One urgent change was after the first day, when some mods had been scheduled as flex time for every student in the school. It was chaotic, and the schedule was quickly changed so flex time was more staggered. Another concern was that freshmen were given too much flex time and weren’t using it wisely, so the school reduced the number of mods of flex time per week for freshmen. They also created an advisory program, and an important part of freshman advisory was discussing how to manage independent time effectively. “Advisory was a savior,” Schmidt said. “We had to teach students [how to manage their time], because they’d never been taught it before.”
Johnson and Schmidt said that teachers like the flex-mod schedule, noting that none have requested a transfer out of the school since it started, and many from other schools in the district have requested a transfer in. Veteran teachers have told Johnson that if the school goes back to traditional scheduling, they will quit. (This was in contrast to newer teachers, who have never experienced traditional scheduling.) He also mentioned that teachers appreciate the greater flexibility the new schedule provides for using the bathroom, an under-recognized but serious issue.
Students Patton and Ternes also said they like the flex-mod schedule. Patton appreciates how the flex time allows him to catch up on missed work or labs, do homework, and get help from teachers in the Saber Centers. Ternes is a senior with many extracurricular activities, and the schedule enables her to get much of her homework done during the school day. She’s also an artist and the art Saber Center allows her ample time to work on her art projects. (Johnson mentioned that more students at Legacy High School take art and music courses than at other schools in the district, because the flex-mod schedule allows them to take more classes total and doesn’t force them to choose between AP classes and art or music classes.)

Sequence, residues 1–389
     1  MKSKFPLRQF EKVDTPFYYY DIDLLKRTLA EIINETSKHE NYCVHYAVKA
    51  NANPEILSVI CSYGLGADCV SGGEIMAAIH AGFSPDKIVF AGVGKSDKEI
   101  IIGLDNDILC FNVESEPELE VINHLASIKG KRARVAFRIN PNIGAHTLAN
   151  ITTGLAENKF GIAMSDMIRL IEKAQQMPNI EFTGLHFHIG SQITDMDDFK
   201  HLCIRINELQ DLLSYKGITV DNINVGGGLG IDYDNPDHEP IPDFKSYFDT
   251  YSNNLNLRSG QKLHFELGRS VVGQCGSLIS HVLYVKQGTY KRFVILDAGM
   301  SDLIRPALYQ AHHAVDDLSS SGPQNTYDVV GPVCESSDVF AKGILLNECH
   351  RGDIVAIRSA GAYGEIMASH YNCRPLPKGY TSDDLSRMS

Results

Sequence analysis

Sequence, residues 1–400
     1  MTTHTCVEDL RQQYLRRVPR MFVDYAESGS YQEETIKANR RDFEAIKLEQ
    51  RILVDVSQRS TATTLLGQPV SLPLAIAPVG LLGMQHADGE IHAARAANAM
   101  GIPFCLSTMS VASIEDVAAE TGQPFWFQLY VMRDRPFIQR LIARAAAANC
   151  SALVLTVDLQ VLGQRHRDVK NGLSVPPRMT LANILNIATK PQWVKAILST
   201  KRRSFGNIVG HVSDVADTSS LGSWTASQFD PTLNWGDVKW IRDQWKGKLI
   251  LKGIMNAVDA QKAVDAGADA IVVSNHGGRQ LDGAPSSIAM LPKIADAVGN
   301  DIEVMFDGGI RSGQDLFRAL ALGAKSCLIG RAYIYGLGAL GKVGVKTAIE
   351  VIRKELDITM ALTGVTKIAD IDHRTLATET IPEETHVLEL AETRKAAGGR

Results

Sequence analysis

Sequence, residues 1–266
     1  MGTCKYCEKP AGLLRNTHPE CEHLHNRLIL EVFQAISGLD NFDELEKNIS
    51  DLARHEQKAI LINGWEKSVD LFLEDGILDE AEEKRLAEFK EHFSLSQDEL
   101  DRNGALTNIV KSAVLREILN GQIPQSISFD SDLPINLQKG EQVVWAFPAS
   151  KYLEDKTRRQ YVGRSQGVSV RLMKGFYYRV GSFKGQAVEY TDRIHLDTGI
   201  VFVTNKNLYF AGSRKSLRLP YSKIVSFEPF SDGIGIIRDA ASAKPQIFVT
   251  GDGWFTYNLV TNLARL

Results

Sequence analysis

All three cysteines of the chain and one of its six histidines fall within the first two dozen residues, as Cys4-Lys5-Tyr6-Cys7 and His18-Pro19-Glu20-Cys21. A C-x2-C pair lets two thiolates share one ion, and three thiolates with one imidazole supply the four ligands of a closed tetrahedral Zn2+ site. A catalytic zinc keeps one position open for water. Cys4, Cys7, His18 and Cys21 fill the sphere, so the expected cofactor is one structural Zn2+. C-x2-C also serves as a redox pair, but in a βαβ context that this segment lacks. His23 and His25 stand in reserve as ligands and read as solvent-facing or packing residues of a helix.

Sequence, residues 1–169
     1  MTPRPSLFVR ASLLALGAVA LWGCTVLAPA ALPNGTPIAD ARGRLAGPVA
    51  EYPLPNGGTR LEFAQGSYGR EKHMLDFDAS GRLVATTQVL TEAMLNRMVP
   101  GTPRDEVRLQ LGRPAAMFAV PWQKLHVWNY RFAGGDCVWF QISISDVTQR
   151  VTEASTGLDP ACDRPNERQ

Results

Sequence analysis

Flex-Mod Scheduling and Hybrid/Remote Learning
The pandemic fully shut down the Bismarck Schools in the spring, but the buildings are open now and following the flex-mod schedule. Students whose last names start with A through K attend school in person on the two “A” days per week, the remaining students attend in person on the two “B” days per week, and students who are scoring below 70% in any of their classes attend in person on the one “C” day per week. Teachers offer some synchronous activities that students working off-site are expected to log into. Other activities are asynchronous and don’t have that expectation. Teachers in the Saber Centers support students both remotely and in person.
The next blog post describes the research partnership between Legacy High School and REL Central and what they have learned about how students are using their independent time.
- Lessons from Tracking Student Flex Time in a Competency-Based High School
- Diversifying the Student Body and Personalizing Student Schedules at NYC iSchool
- Innovative Scheduling: Digital e-Learning Days and Academic Support Periods
- Scheduling for Personalized, Competency-Based Education
Eliot Levine is the Aurora Institute’s Research Director and leads CompetencyWorks.